- J, for believing in me and making me want to write again. I’ve been struggling with writing for the last six months. SEO writing, which I do at work, has taken away the enjoyment in the craft. I now dread having to write a 350-word article repeating the phrase “custom logo T-shirts” seven times. There should be more to a writing career than that, right?
Who are the people you’re grateful for?
I picked up a five-day-old newspaper this afternoon and found myself drawn to a lifestyle column about an artist who had long died. The writer shared how she first met this painter and his impact on her. I won’t quote what she said–that would be giving it away–but I was surprised how, after reading the article, I concluded that the artist must have been a really important figure in the writer’s life.
She talked about him in that personal tone one usually reserves for a boyfriend or a lover. I was amazed with the writer’s frankness and courage to put her strong feelings down on paper and have the entire country read it. I could be wrong; I could be reading too much into what she had to say, but it also got me to thinking about how writing about other people affects their lives and their privacy, and how they have no choice in the matter.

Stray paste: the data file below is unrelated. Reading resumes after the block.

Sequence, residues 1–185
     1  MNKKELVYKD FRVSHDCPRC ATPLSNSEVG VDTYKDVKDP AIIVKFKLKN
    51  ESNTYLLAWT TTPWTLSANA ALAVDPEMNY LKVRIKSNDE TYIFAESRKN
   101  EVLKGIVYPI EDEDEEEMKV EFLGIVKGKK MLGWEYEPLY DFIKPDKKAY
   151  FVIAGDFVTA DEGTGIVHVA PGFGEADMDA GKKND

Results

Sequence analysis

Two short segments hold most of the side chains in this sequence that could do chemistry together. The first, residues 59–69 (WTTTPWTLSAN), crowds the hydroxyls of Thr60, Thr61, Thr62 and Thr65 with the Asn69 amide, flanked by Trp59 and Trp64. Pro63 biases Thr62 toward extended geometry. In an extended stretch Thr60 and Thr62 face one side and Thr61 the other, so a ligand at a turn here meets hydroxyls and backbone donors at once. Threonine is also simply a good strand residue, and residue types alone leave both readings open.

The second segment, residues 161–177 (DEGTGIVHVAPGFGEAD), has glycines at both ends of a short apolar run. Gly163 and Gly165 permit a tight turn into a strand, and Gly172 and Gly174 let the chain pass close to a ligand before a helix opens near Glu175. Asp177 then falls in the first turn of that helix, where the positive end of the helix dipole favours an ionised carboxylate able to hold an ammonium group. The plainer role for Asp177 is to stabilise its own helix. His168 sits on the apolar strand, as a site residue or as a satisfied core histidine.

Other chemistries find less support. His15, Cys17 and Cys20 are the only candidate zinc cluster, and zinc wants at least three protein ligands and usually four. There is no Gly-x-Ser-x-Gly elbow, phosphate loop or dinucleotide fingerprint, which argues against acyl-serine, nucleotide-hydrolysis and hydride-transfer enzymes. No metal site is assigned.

How many of us would want to be the inspiration for a character in a novel or a short story? Leila, my good friend, asked me once to make her a character in my next fiction, and I promised I would. Doesn’t it feel heartwarming to inspire a story’s character?
But on the other side of the fence, how would bad exes feel if you write them into your storyline, especially if they’re the terrible, philandering ones? Moreover, what would their children and their current partners feel? There’s power in the pen, and one can immortalize an evil, manipulative former in a book. But several years down the road, when wounds have healed and bad memories are forgotten, the books are out there in public. Just imagine how a grown-up child would react, knowing a father’s secret past from a book.
Writing about one’s life, whether as fiction or nonfiction, can be therapeutic. But if it opens a can of worms for other people, is it worth it?
Form and substance. It’s an idea I got from Joan O., whom I worked with early in my career. Writing should make sense, but most importantly, the presentation should be topnotch. Especially in public relations, where first impressions count, form matters greatly. You want to get people’s attention, but the idea has to have something more to it than just attraction.